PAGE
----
|Image courtesy of The New York Times|
Speaking with The New York Times, the physicist discussed working at the University of Massachusetts Darmouth and, despite what you may think, the PS3 is the perfect machine to create a cheap, efficient supercomputer out of. “Science has become expensive,” said Dr. Khanna. “There’s simply not that much money going around, either at the university or the federal level. Supercomputing allows scientists to make up for the resources they don’t have.”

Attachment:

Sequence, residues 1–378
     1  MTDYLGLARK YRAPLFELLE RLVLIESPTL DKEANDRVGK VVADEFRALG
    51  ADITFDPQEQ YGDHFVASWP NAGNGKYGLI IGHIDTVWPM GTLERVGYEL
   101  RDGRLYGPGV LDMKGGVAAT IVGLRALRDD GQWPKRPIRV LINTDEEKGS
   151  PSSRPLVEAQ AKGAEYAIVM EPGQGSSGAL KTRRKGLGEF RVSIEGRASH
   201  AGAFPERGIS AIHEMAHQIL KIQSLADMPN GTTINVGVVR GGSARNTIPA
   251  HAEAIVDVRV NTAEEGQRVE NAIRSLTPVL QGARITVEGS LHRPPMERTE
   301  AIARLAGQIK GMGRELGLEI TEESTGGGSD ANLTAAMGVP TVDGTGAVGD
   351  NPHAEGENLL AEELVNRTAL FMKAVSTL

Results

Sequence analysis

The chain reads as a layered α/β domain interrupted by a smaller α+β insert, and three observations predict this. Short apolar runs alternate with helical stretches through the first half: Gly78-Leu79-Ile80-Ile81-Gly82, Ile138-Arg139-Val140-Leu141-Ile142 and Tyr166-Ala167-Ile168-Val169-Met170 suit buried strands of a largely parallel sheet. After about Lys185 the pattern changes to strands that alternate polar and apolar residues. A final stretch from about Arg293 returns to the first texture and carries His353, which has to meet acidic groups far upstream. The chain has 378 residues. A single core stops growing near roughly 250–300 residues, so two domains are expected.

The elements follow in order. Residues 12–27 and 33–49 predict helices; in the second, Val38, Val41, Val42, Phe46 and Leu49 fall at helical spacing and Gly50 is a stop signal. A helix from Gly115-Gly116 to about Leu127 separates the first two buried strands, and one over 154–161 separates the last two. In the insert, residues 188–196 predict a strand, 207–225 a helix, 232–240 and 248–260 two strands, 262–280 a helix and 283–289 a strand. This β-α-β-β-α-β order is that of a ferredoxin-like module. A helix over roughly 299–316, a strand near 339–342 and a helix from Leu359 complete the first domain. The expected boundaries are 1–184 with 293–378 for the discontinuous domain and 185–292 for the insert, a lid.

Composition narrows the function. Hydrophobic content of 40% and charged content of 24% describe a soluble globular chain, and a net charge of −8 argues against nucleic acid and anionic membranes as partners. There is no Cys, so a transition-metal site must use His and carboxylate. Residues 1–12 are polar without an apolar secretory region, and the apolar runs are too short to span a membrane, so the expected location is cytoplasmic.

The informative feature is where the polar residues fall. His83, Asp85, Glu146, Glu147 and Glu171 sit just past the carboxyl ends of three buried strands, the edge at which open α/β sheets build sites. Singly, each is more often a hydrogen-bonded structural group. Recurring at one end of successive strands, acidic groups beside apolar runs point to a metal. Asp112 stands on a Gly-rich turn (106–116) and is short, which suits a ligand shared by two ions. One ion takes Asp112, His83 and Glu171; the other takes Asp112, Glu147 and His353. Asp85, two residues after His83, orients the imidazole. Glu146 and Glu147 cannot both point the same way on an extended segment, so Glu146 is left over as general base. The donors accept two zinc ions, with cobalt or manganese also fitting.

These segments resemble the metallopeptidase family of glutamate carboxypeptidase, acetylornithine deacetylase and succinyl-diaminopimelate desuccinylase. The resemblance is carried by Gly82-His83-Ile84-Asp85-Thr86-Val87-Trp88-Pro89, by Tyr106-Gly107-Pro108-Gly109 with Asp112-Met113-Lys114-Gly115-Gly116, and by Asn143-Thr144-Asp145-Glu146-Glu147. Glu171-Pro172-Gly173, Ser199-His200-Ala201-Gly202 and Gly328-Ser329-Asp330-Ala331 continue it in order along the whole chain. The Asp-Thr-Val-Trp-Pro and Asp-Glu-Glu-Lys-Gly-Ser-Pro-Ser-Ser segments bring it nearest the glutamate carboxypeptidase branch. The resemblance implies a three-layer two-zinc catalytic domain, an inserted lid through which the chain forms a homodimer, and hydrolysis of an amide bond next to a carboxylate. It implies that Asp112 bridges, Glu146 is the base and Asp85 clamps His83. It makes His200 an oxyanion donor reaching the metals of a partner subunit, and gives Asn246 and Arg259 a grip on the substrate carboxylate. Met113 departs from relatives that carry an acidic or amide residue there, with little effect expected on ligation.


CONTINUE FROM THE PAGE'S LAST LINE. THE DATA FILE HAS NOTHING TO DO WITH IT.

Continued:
This is possible because of the cell processors in the console, which have notoriously made it hard to code for, make the PS3 a powerhouse when it comes to raw computing power. Throw in the fact that users can install separate operating systems, such as Linux, on the machine and you have the perfect building block for a supercomputer.
|Image courtesy of University of Massachusetts Dartmouth|
When all is said and done, Dr. Khanna was able to create a supercomputer that matches the processing power of 3 000 laptops for $75 000, a tenth of the cost of a traditional supercomputer. Two research papers have already been published based off of this research, with more to come. For more news on PS3 and gaming news today, stay tuned to The Jesters Court.